Book Review - Who Put Bella in the Wych Elm: Volume 2: A Crime Shrouded in Mystery - Alex Merrill (2019)
|Cover - Who put Bella in the Wych Elm?|
Volume 2 - A Crime Shrouded in Mystery
by Alex Merrill
Who Put Bella in the Wych Elm: Volume 2 - A Crime Shrouded in Mystery. Alex Merrill. APS Publications. 2019.
The mystery of who put Bella in the Wych Elm has an enduring fascination. Over the decades, theories of whose skeletal remains were found in a hollow tree in Hagley Wood, Worcestershire, have proliferated. The theories cover everything from witch covens to German spies... and the casual reader can be easily sucked into all sorts of quagmires, many of which turn out to be based on false rumours.
The police report, recently released to the Worcester Archives doesn't really help the situation as it too has an over-abundance of false leads and dead ends.
In his first book, Alex Merrill provided a breath of fresh air to the case, examining the evidence in a clear and succinct form. He even moved the investigation ahead in several areas, notably the actual location of the wych elm (which moves around quite a bit in different theories!).
In his second book, Alex tackles the many different leads contained in the police files as well as published (and unpublished sources). It is a daunting undertaking to be sure and Alex has done an admirable job in presenting each lead/theory and then presenting additional evidence to disprove some.
In the author's comments, Alex notes that, "What this book promises is a ‘big picture view’ of the mystery with new revelations; a fresh perspective of all the different theories, thoroughly researched and referenced, and complemented by historical facsimiles, photographs, and bespoke maps and charts.
The book is indeed thoroughly well researched and, for the most part, well-reference. There are several places where items of information were not referenced (e.g. death registration of Clara Bauerle). The book references cited at the back of the book do not contain standard information: title, author, year, publisher, city. The maps and charts are helpful but could have benefited from image captions. Similarly, the photographs are helpful but many lack photo captions and/or source citations. Several photographs are sourced from the National Archives and yet that source is not acknowledged in the front matter.
I also found that many chapters could have benefited from a concluding "pulling together", just a paragraph or two to give the reader a "big picture view" of the information presented in each chapter in such detail. There is a benefit to presenting the evidence and allowing the reader to come to their own conclusions but there is, I believe, an equal, if not greater, benefit to the author presenting their own view of the data. The reader can then choose to agree or disagree based on the evidence presented. As it is, the reader moves from one chapter to another in a very abrupt transition which gives the entire book a bit of a disconnected feel.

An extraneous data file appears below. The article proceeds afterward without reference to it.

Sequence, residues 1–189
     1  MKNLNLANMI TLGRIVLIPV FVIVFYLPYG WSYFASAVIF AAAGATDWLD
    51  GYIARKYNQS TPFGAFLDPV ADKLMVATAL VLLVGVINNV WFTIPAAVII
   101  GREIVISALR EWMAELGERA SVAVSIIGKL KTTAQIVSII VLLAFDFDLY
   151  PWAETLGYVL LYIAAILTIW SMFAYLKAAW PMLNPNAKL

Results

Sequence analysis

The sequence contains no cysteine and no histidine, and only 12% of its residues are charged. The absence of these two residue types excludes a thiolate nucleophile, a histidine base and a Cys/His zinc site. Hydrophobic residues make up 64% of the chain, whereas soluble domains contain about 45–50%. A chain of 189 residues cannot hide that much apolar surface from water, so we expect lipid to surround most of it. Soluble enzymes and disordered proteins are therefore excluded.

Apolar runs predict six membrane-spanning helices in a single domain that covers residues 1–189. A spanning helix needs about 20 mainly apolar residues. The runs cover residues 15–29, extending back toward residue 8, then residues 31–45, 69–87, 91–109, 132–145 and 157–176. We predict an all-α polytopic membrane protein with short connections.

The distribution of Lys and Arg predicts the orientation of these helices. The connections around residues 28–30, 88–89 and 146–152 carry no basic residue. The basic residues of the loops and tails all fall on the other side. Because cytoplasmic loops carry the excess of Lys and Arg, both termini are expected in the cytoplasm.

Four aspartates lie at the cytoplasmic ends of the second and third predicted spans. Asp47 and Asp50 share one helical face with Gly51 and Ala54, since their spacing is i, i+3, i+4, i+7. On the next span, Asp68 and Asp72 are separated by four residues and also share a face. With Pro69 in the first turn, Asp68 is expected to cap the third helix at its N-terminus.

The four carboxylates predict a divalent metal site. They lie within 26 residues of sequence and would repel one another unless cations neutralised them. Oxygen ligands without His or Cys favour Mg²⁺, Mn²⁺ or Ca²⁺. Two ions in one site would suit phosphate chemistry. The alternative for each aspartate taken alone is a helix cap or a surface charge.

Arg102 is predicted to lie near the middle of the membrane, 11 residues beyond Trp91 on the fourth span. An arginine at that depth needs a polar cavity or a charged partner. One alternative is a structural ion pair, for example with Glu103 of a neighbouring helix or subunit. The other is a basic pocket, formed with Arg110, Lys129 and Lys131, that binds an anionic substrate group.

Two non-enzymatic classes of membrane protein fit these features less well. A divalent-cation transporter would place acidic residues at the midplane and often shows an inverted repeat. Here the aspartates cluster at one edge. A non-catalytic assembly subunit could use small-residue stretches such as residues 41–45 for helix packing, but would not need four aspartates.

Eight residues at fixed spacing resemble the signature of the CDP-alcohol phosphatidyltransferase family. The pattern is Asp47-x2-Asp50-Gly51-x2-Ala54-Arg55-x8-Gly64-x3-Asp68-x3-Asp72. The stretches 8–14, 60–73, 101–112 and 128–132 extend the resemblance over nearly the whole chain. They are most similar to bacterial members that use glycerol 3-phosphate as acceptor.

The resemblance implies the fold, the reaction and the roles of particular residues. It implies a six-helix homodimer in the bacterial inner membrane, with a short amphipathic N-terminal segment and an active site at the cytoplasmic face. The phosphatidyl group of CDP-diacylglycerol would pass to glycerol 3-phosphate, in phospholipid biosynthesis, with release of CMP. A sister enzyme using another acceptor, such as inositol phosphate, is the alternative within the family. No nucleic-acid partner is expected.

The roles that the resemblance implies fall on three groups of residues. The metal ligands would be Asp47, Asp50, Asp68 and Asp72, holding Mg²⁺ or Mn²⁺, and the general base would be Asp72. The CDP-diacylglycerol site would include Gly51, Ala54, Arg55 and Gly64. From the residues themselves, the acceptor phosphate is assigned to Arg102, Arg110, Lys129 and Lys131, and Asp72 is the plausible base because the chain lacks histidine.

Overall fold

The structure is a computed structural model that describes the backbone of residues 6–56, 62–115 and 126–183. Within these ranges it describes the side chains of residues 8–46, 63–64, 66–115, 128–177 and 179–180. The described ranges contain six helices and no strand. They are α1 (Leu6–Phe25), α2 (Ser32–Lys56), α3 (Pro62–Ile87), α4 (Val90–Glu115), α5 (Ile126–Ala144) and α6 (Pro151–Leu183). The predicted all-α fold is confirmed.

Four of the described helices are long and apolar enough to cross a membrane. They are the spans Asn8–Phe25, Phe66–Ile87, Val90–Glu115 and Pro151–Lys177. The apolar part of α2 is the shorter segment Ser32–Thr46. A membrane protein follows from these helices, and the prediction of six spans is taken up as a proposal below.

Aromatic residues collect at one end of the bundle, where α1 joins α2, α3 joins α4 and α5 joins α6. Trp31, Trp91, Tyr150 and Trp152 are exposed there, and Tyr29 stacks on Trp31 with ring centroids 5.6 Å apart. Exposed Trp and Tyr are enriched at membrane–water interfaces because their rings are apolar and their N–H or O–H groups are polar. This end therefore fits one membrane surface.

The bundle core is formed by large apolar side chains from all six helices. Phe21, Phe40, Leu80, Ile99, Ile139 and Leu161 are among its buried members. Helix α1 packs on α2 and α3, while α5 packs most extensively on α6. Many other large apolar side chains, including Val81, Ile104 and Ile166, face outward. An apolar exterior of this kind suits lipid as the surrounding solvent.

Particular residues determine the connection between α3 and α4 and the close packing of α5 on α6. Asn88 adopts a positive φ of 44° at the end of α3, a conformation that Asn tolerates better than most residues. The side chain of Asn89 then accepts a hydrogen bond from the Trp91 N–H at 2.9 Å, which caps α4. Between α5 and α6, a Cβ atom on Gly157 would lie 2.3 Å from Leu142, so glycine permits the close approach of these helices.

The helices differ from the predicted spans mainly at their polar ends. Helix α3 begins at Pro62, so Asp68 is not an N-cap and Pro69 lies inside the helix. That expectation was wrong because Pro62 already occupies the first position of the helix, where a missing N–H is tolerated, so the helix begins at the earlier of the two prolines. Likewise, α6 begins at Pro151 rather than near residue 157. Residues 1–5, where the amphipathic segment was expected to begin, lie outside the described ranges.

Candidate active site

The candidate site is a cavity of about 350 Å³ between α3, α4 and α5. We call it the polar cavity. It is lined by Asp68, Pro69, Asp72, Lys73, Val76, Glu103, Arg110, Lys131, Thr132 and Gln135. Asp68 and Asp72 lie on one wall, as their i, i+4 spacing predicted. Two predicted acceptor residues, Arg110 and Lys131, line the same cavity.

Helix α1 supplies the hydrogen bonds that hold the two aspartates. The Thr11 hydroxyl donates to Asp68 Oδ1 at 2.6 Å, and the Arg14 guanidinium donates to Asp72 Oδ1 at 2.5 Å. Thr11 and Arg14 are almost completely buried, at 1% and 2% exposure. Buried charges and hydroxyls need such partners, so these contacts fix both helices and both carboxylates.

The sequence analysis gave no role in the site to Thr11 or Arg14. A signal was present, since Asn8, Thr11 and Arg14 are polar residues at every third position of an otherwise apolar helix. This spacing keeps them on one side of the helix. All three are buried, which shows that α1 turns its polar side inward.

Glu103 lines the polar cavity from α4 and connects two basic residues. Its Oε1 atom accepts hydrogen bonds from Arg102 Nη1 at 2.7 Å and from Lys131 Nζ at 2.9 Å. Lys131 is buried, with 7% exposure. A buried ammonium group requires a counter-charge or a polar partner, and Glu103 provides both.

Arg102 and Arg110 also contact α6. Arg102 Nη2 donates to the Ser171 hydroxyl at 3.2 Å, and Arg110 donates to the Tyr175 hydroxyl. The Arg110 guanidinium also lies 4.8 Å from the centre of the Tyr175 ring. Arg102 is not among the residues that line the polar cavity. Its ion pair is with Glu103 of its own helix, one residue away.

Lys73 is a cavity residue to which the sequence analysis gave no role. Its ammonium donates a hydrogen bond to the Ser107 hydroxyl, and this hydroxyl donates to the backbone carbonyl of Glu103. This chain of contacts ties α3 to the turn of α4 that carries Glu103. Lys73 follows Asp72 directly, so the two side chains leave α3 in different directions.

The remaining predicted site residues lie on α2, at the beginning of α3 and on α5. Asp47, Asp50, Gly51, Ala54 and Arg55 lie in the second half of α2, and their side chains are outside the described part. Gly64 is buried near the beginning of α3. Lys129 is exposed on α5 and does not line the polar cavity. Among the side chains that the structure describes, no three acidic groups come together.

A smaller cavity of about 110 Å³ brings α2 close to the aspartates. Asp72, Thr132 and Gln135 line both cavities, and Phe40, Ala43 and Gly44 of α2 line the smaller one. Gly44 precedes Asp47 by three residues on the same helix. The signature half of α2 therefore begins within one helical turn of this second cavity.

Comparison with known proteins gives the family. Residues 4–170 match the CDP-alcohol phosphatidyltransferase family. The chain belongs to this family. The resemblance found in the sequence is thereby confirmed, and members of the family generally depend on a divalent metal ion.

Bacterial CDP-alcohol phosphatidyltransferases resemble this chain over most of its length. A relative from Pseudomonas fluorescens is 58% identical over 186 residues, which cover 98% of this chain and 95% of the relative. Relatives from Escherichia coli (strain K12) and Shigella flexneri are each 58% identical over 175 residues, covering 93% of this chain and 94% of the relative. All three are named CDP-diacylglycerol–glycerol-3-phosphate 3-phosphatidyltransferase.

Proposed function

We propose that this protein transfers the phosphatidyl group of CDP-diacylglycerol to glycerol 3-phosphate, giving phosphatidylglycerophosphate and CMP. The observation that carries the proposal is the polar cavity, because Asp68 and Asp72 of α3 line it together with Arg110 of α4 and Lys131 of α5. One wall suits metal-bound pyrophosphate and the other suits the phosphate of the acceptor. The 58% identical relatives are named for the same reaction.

Overall, I would say Alex has done a great job with the content of this second volume but the bigger problem lies with the overall structure of the book. I purchased an ebook version and noted the following editorial/structural issues:
- ebook not downloadable to my Kindle device - not compatible - could only read it on Kindle for PC or web Kindle
- While the book has a table of contents, it does not appear in the Kindle TOC section, nor is it clickable within the text itself. This makes the book extremely challenging to navigate since this ebook also lacks page numbers. I checked other non-fiction ebooks in my library and they have clickable TOC hyperlinks in the text and a TOC that appears to the left in Kindle for PC. I had a look through Alex's first book (also purchased as a Kindle) and while it lacked clickable TOC hyperlinks and a Kindle TOC, it did have page numbers and these were listed in the TOC.
Screen shot of Kindle for PC - Bella in the Wych Elm - Volume 2 - Alex Merrill - Table of Contents
- Throughout the text, Alex references numbered sub-chapter headings - e.g. 14.3 - but these are not in the text. The chapters are numbered but sub-chapters are not numbered. This might not be so bad if the references to a numbered sub-chapter were hyperlinked, but they are not. Again, this makes navigation challenging. Having read draft versions of some of the chapters, I know that the numbered sub-chapters were present in draft stage and am perplexed by their absence in the final product.
- There are numerous instances where headings were widowed at the bottom of a page and easily missed as one flipped the page. This makes for a disconnected reading experience.
Overall, Alex has done a great job of presenting a host of leads/theories about the Bella case. His research is meticulous and has moved the investigation ahead in numerous areas. The text could have benefited from some summing-up/transitional paragraphs at the end of each chapter. There are several structural/editorial issues that make for a poor reader experience.
For anyone interested in the Bella case, this book is an invaluable resource and I very much look forward to Volume 3!
4 out of 5 - well researched but lacking in presentation and structure